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Ethics for Young Girls: Lesson 12: Loving and Serving

By: Ardis E. Parshall - October 08, 2012

Apologies in advance to a great many mothers.

Ethics for Young Girls

Young Woman’s Journal, 1900-1901

Lesson 12: Loving and Serving

In our preceding lessons we have studied a few ethical principles. In this lesson we shall study the principle or law which is the foundation of happiness. This principle is that of loving and serving. There can be no true love without the desire to serve.

The basis of loving service is found in the mother, who attends to all the needs of her little one. Many of these duties would be disagreeable to her if she had to perform them for a stranger, but all the unpleasantness is lost in the mother love. She loves her child all the better because of its dependence upon her. It is a known fact that mothers who shirk the responsibility of nursing their babies never feel the depth of true mother love.

The mother’s loving service follows the child to manhood and he is never too old to need her tender care.

There is one danger in her service. She is apt to wait on her child to such an extent that he thinks mother’s duty is to serve him. We have all seen many incidents of children being harsh and cruel to the most loving of mothers.

It is a strange fact that loving service does not always call for respect and love in return. In order to love we must serve as well as be served. We can raise a crop of love for any one if we will do kindly acts for that person, but in order for that one to love us he must return the loving service.

Why is it that we often see a husband and wife unhappy together? One great reason is that only one of the two serves and the other one receives. The one that serves loves, but the one that receives takes as a matter of course the other’s service.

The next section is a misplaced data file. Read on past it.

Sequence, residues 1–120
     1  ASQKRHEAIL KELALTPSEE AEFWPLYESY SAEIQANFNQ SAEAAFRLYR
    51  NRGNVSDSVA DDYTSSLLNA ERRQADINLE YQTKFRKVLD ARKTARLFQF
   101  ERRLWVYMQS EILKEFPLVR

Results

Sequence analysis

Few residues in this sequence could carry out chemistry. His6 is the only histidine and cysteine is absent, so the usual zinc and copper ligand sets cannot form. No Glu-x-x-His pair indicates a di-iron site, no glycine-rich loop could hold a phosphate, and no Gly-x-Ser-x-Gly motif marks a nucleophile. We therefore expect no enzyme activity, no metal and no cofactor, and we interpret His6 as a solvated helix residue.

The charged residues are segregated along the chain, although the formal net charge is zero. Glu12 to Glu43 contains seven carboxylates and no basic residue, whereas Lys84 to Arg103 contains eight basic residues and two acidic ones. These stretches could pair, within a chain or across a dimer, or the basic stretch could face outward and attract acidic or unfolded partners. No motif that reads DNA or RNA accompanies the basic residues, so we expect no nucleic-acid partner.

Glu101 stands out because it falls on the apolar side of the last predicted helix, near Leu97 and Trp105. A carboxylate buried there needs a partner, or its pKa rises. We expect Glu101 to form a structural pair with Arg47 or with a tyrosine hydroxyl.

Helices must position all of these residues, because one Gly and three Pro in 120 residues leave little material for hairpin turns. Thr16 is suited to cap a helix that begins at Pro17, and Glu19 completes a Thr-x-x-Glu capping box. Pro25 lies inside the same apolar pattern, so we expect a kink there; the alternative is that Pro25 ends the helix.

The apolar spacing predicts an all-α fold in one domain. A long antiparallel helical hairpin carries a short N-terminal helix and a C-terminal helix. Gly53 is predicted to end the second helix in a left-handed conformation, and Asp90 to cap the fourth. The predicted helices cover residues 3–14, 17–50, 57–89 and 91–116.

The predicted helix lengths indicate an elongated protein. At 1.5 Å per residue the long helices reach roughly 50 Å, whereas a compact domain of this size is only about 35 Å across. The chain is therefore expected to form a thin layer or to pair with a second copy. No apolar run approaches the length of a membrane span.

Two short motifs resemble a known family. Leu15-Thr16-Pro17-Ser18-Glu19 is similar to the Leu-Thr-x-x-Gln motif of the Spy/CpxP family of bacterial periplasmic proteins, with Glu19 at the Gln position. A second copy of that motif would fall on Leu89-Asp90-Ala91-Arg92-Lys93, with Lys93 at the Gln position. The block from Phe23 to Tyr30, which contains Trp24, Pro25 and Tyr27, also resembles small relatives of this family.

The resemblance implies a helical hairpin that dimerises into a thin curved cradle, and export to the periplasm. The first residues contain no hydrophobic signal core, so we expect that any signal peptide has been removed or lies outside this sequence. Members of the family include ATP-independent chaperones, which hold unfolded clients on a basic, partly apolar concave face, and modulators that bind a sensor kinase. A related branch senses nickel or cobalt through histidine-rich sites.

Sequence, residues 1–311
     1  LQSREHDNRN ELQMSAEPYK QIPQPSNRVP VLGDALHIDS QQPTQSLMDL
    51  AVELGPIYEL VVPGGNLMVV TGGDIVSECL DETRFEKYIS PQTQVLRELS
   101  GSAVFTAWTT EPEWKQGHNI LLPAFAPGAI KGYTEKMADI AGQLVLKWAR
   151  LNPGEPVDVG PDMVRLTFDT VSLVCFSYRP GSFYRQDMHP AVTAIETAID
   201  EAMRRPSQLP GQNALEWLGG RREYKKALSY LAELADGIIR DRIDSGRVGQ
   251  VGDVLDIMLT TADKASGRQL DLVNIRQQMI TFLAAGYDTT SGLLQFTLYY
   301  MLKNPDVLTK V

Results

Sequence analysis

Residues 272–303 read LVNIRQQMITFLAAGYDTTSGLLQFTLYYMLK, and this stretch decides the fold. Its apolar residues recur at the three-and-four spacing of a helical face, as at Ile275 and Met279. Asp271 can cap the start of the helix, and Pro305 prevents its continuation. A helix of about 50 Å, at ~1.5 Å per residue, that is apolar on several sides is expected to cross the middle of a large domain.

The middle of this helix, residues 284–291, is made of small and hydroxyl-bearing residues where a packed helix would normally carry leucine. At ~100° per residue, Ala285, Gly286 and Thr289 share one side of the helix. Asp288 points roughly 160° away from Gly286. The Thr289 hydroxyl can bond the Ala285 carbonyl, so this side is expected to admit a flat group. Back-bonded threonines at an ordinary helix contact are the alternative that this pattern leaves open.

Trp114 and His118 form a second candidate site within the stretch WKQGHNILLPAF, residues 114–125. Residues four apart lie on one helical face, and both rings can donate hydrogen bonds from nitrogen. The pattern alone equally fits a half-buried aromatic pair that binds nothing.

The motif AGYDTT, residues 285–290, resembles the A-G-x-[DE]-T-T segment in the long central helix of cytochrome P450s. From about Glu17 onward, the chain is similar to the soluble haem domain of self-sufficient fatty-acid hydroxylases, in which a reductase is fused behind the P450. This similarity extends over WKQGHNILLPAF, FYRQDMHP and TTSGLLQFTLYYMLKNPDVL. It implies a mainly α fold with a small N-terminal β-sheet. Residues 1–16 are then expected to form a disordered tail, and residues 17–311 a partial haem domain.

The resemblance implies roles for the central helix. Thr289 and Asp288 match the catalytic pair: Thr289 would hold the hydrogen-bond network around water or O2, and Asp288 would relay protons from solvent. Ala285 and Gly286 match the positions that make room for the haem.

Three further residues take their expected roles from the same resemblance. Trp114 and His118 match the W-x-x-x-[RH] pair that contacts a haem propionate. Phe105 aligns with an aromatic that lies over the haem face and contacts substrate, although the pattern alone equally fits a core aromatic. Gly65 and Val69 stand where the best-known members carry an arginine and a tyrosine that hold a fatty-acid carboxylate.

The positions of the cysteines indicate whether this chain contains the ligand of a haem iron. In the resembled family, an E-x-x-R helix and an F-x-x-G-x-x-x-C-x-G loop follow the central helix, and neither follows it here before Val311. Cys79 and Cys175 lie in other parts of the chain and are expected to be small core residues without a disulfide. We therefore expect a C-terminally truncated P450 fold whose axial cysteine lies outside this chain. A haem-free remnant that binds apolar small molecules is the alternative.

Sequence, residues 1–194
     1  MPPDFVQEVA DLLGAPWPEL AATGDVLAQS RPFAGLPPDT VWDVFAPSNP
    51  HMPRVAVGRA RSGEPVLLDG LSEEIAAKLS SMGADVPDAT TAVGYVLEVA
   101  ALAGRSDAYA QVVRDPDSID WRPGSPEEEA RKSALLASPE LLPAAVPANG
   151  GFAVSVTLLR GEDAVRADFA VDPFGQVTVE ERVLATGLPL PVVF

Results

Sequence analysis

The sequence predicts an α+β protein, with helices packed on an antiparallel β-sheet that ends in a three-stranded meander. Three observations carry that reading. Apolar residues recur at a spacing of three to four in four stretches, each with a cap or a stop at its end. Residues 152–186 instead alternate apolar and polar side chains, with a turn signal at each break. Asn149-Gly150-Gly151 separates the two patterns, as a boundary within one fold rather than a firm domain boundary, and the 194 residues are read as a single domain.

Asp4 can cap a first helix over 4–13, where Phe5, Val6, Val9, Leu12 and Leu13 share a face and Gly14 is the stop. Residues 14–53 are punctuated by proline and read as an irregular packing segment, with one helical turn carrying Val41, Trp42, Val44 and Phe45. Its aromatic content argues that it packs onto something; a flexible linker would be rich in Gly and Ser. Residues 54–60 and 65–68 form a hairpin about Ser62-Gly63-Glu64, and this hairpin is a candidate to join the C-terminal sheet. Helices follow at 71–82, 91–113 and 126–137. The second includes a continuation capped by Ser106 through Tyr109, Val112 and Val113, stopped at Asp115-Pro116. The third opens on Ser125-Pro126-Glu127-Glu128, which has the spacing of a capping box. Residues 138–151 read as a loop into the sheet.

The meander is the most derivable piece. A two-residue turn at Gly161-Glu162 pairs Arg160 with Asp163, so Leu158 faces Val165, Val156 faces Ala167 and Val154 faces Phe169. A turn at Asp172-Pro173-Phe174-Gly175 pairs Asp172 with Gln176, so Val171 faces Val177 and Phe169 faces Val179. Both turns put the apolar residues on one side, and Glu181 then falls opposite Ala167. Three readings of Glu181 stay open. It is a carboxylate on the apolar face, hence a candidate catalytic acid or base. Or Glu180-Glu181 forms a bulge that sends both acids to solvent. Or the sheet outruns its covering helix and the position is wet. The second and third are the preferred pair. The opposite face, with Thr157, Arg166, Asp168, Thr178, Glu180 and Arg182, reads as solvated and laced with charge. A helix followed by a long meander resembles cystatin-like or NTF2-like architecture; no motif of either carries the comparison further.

In order that both husband and wife love, there must be mutual service.

In order that the child love his mother, he must be taught to serve her.

In order that friends love each other, each must perform loving acts for the other.

True happiness does not come from being loved, it comes from loving, and we can love only by serving. There is nothing more beautiful to contemplate than a heart filled with love, – love for father, mother, brother, sister, friend, humanity. How happy and how full is such a life!

Christ’s life is such an example. He loved the animals because he was kind to them. he loved His friends because He desired to help them. He loved His enemies because he sorrowed for them and tried to help them to understand God’s laws. he loved humanity, with the greatest love ever known. he gave up His life for the service of mankind, that they might be saved. Would any of us serve mankind as He did?

The love we have for God is based upon the same principle that our earthly love is. We first love Him because he loves us. Love begets love. The only way we can show our love for Him, nay, the only way we can truly love Him, is to serve Him by keeping His laws. Keep every one of God’s laws for a time and see how your love for Him will increase. We have to serve Him continually in order to keep the love for Him warm in our hearts.